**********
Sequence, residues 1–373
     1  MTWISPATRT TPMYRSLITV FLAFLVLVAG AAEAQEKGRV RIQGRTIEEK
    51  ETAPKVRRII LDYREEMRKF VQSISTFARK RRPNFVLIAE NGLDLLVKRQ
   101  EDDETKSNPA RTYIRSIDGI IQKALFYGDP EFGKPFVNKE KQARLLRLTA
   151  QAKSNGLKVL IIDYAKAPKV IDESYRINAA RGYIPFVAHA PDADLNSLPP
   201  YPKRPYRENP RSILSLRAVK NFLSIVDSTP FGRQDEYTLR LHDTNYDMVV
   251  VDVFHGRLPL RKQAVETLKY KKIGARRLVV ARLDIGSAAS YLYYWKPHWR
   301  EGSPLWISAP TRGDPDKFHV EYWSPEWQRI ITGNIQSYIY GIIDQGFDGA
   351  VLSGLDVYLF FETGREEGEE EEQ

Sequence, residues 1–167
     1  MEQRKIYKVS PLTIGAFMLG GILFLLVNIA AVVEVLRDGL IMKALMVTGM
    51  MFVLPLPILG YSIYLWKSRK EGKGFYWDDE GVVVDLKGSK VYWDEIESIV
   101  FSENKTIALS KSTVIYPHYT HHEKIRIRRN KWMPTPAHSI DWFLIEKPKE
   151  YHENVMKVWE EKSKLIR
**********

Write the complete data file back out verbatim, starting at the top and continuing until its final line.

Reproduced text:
Sequence, residues 1–373
     1  MTWISPATRT TPMYRSLITV FLAFLVLVAG AAEAQEKGRV RIQGRTIEEK
    51  ETAPKVRRII LDYREEMRKF VQSISTFARK RRPNFVLIAE NGLDLLVKRQ
   101  EDDETKSNPA RTYIRSIDGI IQKALFYGDP EFGKPFVNKE KQARLLRLTA
   151  QAKSNGLKVL IIDYAKAPKV IDESYRINAA RGYIPFVAHA PDADLNSLPP
   201  YPKRPYRENP RSILSLRAVK NFLSIVDSTP FGRQDEYTLR LHDTNYDMVV
   251  VDVFHGRLPL RKQAVETLKY KKIGARRLVV ARLDIGSAAS YLYYWKPHWR
   301  EGSPLWISAP TRGDPDKFHV EYWSPEWQRI ITGNIQSYIY GIIDQGFDGA
   351  VLSGLDVYLF FETGREEGEE EEQ

Sequence, residues 1–167
     1  MEQRKIYKVS PLTIGAFMLG GILFLLVNIA AVVEVLRDGL IMKALMVTGM
    51  MFVLPLPILG YSIYLWKSRK EGKGFYWDDE GVVVDLKGSK VYWDEIESIV
   101  FSENKTIALS KSTVIYPHYT HHEKIRIRRN KWMPTPAHSI DWFLIEKPKE
   151  YHENVMKVWE EKSKLIR